by Budd Bailey, Buffalo Sports Page Columnist
It had been about 35 years since I had seen a college basketball game at the Reilly Center on St. Bonaventure’s campus.
I went back on Wednesday to see the Bonnies play Saint Joseph’s, and I saw what I was missing. There’s good basketball on display, played before enthusiastic fans in a gloriously noisy environment. The athletic department should come up with a slogan like “College basketball the way it ought to be.” It’s clearly the best atmosphere for the sport in Western New York.
The Reilly Center and I go way back. I know I attended a student journalism seminar at St. Bonaventure when I was a senior in high school in 1973, and – knowing my mindset then and now – I must have figured out a way to check out the place.
But the first game I ever covered there as a reporter is much fresher in my memory. Syracuse played Bona there in 1977, and the two teams were good-sized rivals at that point in history. Essie Hollis had the game of his life (37 points), raining jumpers on anything Orange as the Bonnies earned a big 91-84 win. Hollis’ number wasn’t retired by the school just for that performance … I think.
Hollis wasn’t the only memorable part of the night for me. In those days the media sat in bleachers just in front of the student section at center court. One row behind my seat was a rather overserved Bona supporter, who upon discovering I was from the Syracuse school newspaper, was more than happy to taunt me with each Hollis basket. Said fan departed the building at the half to either sleep or rehydrate, but he left a very personal gift on my seat before departing. I spent the second half jammed in a small space next to the announcers from the Syracuse school radio station.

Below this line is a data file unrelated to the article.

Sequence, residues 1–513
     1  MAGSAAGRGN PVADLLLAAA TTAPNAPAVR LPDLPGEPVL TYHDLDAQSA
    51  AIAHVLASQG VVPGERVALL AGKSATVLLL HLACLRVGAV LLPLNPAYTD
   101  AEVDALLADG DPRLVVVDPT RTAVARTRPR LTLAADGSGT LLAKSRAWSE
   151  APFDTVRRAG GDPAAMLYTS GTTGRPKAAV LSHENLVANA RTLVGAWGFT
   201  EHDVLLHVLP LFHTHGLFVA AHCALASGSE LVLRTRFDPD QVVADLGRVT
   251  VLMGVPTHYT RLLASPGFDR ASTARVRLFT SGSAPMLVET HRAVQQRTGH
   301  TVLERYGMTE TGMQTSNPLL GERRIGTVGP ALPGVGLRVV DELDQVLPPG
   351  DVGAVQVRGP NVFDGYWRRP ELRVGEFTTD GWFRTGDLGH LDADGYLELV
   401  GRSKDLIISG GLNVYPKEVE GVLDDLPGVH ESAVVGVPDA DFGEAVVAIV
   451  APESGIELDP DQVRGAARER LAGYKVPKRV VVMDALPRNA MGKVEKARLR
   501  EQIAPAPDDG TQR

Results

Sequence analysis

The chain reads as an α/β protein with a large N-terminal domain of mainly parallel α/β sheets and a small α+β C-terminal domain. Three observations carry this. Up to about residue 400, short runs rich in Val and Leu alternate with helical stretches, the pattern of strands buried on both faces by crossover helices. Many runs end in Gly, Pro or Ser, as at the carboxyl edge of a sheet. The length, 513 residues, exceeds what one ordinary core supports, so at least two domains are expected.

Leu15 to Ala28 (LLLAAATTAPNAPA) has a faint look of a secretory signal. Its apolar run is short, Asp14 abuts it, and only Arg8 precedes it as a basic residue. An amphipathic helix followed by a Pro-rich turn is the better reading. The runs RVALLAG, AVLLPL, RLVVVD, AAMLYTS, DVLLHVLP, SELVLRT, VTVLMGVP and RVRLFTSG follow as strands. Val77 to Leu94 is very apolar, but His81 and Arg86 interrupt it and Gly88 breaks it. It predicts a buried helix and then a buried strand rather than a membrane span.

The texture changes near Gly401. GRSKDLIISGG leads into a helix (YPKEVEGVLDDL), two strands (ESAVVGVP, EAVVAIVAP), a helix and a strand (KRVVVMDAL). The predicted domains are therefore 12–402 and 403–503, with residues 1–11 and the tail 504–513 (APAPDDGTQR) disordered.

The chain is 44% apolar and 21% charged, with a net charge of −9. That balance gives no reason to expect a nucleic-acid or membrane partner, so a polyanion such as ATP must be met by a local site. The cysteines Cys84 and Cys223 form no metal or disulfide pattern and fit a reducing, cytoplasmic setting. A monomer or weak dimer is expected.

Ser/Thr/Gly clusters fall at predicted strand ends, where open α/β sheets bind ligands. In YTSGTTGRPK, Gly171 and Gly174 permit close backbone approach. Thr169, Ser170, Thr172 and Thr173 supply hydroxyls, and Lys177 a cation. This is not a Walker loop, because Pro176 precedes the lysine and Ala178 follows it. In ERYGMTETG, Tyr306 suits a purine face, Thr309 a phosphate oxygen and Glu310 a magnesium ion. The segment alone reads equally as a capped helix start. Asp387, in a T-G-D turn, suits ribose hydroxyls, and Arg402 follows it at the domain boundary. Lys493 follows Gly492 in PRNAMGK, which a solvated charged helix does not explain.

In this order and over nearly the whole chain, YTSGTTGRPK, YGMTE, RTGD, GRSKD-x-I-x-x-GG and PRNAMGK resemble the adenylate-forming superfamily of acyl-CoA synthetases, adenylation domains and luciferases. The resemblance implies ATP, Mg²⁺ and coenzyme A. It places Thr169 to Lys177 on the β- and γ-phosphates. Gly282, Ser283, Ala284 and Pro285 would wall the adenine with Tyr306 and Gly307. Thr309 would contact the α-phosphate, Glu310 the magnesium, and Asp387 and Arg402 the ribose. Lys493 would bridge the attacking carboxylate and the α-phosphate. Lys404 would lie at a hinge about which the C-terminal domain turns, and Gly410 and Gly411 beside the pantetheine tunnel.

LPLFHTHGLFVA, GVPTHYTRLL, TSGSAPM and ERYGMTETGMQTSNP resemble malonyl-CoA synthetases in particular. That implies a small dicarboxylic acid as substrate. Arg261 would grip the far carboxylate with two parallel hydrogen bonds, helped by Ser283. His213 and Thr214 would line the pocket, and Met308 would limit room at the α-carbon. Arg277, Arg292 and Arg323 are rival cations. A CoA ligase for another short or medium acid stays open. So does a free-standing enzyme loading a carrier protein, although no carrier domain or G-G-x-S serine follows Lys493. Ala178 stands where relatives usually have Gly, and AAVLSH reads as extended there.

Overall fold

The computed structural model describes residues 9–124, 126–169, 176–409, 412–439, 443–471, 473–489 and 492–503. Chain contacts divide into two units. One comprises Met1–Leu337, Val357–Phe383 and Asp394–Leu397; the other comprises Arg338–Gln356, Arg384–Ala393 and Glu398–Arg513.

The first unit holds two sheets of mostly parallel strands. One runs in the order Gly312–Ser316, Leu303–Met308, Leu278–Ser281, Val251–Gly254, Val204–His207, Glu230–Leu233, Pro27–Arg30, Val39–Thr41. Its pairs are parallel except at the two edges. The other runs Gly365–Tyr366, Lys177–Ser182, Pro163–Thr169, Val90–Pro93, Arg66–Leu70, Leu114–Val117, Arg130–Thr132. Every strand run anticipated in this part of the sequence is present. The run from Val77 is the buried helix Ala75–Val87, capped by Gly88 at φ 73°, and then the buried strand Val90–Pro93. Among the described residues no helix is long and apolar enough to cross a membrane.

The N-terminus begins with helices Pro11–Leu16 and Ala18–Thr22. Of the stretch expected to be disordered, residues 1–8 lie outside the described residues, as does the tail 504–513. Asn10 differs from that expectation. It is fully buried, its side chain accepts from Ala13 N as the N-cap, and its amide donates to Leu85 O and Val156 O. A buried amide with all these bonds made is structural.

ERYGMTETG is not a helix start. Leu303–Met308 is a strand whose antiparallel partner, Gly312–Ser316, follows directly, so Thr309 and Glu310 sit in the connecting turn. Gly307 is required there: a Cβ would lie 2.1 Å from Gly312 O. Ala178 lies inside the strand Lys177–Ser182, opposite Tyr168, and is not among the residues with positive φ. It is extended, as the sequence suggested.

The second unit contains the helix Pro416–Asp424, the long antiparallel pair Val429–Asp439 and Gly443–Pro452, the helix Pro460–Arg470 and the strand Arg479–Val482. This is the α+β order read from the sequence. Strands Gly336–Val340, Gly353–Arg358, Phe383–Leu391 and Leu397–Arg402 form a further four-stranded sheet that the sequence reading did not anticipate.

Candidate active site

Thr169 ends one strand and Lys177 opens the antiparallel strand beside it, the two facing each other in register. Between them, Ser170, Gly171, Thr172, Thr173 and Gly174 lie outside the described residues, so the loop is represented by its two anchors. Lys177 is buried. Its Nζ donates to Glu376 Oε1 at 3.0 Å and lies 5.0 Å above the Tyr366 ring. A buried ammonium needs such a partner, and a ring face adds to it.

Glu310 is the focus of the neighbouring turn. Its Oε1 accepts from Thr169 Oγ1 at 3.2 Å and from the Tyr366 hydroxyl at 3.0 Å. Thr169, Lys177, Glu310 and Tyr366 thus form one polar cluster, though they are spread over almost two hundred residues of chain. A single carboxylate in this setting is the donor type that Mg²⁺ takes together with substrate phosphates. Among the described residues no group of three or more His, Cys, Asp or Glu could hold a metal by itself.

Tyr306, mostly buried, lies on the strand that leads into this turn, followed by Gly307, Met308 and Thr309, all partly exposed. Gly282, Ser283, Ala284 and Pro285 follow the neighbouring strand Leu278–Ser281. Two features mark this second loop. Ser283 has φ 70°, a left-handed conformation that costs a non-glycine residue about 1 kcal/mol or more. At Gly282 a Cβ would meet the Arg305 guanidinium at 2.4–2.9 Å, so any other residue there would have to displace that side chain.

My next visit was eventful in a much different way. I had seen Bruce Springsteen once before, but he visited the Reilly Center on the “Darkness on the Edge of Town” tour – which really was when a superstar was born. Bruce was still at it when midnight came along. His fans are used to that now, but it was overwhelming back then.
A TURNING POINT
The Reilly Center went past its 50th anniversary a couple of years ago, and the historical significance of the place should be noted. Anyone who has casually asked about the history of college basketball in Western New York knows all about the famous double-headers of the 1940s and 1950s involving Canisius, Niagara and St. Bonaventure at Memorial Auditorium. Top teams would take the train to play in Madison Square Garden in New York in other to get some exposure in the nation’s largest city. They’d often stop in Buffalo going to or coming from the Garden for an extra paycheck along the way.
The Bonnies made the 75-mile trek up to the Aud to serve as the host of those games as well as to take on the other members of the “Little Three.” St. Bonaventure didn’t play Canisius or Niagara every weekend, although thanks to home-and-home scheduling it sometimes seemed that way. Bona played other home games at Olean’s Armory, which might have held 2,200 on a crowded night and reportedly was called “The Cheesebox.” Supposedly, fans in the first row there couldn’t stretch their legs because they might trip one of the players.
The Reilly Center changed all that. The Little Three teams still played home-and-home dates each season, but the Bonnies hosted Canisius and Niagara in Olean instead of Buffalo. By the 1980s, college basketball started the restructuring of its conferences. That eventually led the Bonnies becoming part of what became the Atlantic 10 while Canisius and Niagara joined the Metro Atlantic. Bona has been playing Canisius and Niagara once a year since then, and the rivalries aren’t quite as heated.